OBJECTIVE: Elevated uric acid levels have been associated with an adverse cardiovascular outcome in several settings. Their utility in patients undergoing surgical revascularization has not, however, been assessed. We hypothesized that serum uric acid levels would predict the outcome of patients undergoing coronary artery bypass grafting.
METHODS: The study cohort consisted of 1140 consecutive patients undergoing nonemergency coronary artery bypass grafting. Clinical details were obtained prospectively, and serum uric acid was measured a median of 1 day before surgery. The primary end point was all-cause mortality.
RESULTS: During a median of 4.5 years, 126 patients (11%) died. Mean (+/- standard deviation) uric acid levels were 390 +/- 131 micromol/L in patients who died versus 353 +/- 86 micromol/L among survivors (hazard ratio 1.48 per 100 micromol/L; 95% confidence interval, 1.25-1.74; P < .001). The excess risk associated with an elevated uric acid was particularly evident among patients in the upper quartile (>or=410 micromol/L; hazard ratio vs all other quartiles combined 2.18; 95% confidence interval, 1.53-3.11; P < .001). After adjusting for other potential prognostic variables, including the European System for Cardiac Operative Risk Evaluation, uric acid remained predictive of outcome.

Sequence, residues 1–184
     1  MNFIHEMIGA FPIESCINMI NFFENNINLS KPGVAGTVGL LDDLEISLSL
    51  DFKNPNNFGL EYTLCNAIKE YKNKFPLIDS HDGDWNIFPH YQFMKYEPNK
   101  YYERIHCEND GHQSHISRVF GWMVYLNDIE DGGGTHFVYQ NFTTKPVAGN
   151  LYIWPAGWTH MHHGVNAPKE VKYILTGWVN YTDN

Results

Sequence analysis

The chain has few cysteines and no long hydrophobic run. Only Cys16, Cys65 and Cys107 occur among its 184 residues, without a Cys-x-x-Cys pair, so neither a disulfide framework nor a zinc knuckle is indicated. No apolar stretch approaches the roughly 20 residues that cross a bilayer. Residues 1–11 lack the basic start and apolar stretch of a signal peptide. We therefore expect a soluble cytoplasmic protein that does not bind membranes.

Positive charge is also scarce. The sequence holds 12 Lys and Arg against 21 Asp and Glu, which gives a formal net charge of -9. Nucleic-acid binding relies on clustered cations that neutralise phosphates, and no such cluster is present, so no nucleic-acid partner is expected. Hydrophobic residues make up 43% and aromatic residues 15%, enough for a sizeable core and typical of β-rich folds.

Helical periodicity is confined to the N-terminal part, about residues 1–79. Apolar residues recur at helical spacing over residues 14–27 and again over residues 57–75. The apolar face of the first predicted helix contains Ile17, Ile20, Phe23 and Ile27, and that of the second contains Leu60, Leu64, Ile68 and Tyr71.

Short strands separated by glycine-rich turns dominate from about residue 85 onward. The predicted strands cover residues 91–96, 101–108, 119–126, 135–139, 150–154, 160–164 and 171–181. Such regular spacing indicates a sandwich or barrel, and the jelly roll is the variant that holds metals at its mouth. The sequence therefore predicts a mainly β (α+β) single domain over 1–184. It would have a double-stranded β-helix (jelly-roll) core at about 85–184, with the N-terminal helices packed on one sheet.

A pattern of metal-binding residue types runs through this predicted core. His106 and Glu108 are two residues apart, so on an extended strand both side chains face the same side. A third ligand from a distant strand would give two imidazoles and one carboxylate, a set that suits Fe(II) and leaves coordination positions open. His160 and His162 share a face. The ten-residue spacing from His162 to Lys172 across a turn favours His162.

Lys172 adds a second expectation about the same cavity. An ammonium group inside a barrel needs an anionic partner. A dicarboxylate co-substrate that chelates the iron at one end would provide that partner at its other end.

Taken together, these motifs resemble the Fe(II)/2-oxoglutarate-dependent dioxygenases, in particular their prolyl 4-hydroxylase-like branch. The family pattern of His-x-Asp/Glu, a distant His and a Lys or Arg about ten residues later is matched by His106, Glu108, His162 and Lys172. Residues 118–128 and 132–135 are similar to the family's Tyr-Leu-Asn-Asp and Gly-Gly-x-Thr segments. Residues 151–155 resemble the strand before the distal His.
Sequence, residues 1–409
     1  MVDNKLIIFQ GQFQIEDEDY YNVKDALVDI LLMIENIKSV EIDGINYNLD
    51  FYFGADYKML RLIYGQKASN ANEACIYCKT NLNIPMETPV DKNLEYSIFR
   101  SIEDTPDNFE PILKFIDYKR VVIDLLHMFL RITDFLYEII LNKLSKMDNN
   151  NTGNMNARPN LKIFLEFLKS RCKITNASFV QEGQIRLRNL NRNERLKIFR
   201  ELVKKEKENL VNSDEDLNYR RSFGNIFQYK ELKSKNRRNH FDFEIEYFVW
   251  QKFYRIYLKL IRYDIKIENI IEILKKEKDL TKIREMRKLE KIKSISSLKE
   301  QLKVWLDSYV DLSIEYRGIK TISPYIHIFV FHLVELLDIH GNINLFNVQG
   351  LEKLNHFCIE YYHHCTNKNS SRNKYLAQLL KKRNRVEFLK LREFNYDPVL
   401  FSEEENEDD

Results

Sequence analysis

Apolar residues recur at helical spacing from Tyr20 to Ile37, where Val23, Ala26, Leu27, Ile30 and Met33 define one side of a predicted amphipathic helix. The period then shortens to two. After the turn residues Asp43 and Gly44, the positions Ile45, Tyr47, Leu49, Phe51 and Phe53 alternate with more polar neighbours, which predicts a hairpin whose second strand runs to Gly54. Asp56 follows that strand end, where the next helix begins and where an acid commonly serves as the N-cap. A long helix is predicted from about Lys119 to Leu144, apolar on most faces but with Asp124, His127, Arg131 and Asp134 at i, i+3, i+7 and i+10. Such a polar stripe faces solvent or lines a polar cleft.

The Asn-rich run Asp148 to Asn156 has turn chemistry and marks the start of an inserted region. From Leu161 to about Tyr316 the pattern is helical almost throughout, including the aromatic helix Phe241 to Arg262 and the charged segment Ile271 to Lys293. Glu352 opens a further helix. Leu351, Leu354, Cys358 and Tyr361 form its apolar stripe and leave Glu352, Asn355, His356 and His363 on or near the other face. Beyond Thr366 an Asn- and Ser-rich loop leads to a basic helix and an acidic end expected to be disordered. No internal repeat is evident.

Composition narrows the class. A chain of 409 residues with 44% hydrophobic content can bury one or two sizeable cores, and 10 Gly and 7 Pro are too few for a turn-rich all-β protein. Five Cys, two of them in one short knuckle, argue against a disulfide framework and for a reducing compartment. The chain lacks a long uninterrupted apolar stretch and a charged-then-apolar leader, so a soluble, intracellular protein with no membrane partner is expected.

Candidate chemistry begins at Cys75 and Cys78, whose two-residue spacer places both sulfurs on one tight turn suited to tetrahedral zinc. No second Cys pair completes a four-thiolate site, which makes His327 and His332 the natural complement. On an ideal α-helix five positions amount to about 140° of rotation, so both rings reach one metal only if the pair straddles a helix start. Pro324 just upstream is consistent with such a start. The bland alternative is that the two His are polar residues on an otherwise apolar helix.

CONCLUSION: Increasing levels of uric acid are associated with poorer survival after coronary artery bypass grafting. Their prognostic utility is independent of other recognized risk factors, including the European System for Cardiac Operative Risk Evaluation.
|Number of pages||6|
|Journal||The Journal of Thoracic and Cardiovascular Surgery|
|Publication status||Published - Jul 2009|